Posts Tagged ‘James Cox’

The Strange World of Clockwork Robots

June 6, 2013

I find most of the material on TV now remarkable only for how uninteresting I find it. But occasionally on eof the TV companies puts on a little gem. One of these was Mechanical Marvels: Clockwork Dreams on BBC 4 last Monday night at 9 pm. Presented by Professor Simon Schaffer, it was a history of European automato in the 17th and 18th centuries. Schaffer’s an historian of science, who has appeared on a number of other shows on the history of science. In this programme he discussed the way the development of clockwork in the Middle Ages had produced automata, little robots that were used in the most magnificent clocks. He showed the vast medieval clock in Berne in Switzerland with its numerous figurines. He then went to the palace of one the Austrian bishops, who had a Protestant clockmaker construct an entire clockwork town, complete with animals being slaughtered, artisans busy at their trades and all overseen by aristocrats, who themselves scarcely seemed to move. Schaffer noted this represented the ideal social hierarchy of which the Bishop was a part. The Bishop was supported in his wealthy by profits from the salt mines. The miners themselves were radical, and mostly Protestants. This had resulted in a crackdown by the Roman Catholic authorities. The Protestant mineworkers were banished. The clockmaker himself was forced to work under armed guard because of his sympathies.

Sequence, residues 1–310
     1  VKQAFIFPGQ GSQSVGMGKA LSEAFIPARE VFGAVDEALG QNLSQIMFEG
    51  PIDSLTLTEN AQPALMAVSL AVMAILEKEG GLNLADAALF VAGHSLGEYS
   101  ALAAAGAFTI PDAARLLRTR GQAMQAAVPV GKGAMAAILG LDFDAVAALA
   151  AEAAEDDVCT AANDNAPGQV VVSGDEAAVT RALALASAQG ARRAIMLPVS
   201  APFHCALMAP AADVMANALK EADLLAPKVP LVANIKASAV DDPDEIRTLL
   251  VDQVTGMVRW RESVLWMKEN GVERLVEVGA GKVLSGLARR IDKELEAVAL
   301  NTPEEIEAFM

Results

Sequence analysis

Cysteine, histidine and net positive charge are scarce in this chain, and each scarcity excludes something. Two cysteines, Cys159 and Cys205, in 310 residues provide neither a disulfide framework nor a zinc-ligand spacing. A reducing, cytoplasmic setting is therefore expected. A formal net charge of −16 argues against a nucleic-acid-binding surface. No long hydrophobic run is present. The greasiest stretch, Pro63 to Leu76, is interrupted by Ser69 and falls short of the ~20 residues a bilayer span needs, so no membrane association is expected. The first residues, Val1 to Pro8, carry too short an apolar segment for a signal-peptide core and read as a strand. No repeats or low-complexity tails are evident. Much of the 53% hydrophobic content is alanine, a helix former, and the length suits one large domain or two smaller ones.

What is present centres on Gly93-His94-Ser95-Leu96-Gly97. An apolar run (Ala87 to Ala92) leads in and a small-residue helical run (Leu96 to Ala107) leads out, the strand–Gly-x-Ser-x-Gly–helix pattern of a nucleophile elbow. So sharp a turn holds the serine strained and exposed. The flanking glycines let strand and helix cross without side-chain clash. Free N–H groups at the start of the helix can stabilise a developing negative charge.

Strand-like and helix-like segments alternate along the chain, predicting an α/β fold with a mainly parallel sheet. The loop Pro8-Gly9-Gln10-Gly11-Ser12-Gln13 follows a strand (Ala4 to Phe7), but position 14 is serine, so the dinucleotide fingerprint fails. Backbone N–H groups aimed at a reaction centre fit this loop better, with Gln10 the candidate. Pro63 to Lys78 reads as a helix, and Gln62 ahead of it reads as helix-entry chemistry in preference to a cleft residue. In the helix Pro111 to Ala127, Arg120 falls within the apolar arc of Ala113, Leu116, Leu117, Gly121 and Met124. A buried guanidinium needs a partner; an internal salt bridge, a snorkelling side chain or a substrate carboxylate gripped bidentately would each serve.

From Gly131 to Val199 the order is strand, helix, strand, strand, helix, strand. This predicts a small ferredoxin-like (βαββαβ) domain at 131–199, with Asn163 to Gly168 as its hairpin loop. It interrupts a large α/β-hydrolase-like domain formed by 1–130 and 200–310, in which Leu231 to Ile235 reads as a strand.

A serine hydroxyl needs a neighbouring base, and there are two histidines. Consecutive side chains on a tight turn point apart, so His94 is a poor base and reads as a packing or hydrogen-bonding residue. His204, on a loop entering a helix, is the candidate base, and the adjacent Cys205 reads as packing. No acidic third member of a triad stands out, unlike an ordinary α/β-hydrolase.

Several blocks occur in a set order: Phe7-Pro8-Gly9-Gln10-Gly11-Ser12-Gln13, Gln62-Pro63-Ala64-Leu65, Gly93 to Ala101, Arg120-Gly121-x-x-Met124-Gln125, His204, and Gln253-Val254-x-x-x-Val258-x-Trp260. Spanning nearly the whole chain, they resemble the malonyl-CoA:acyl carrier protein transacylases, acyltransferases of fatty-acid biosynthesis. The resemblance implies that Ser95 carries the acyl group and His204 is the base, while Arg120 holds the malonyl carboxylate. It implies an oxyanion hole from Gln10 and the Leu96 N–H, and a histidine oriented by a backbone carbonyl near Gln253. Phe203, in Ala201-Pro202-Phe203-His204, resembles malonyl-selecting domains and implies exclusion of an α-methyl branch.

Vaucanson’s Replicant Fluteplayer

The programme then moved on Jacques Vaucanson, whose works were surely more like clockwork replicants than simple authomata. Vaucanson was deeply impressed with the technology that lay behind these great robotic marvels. He believed that it would be possible to use it to create an artificial human being. So he spent his evenings studying human anatomy, dissecting cadavers in order to replicate them more accurately in his art. His greatest creation was a mechanical flute player, which actually player the flute. A set of bellows acted as lungs, to blow air into the instrument, while the figure’s hands moved to cover and uncover the holes. It was even covered with real skin. This mechanical marvel disappeared sometime in the 19th century in eastern Europe, and no-one knows where it is, or even if it still exists.

The Writing Boy of Jacquet Droz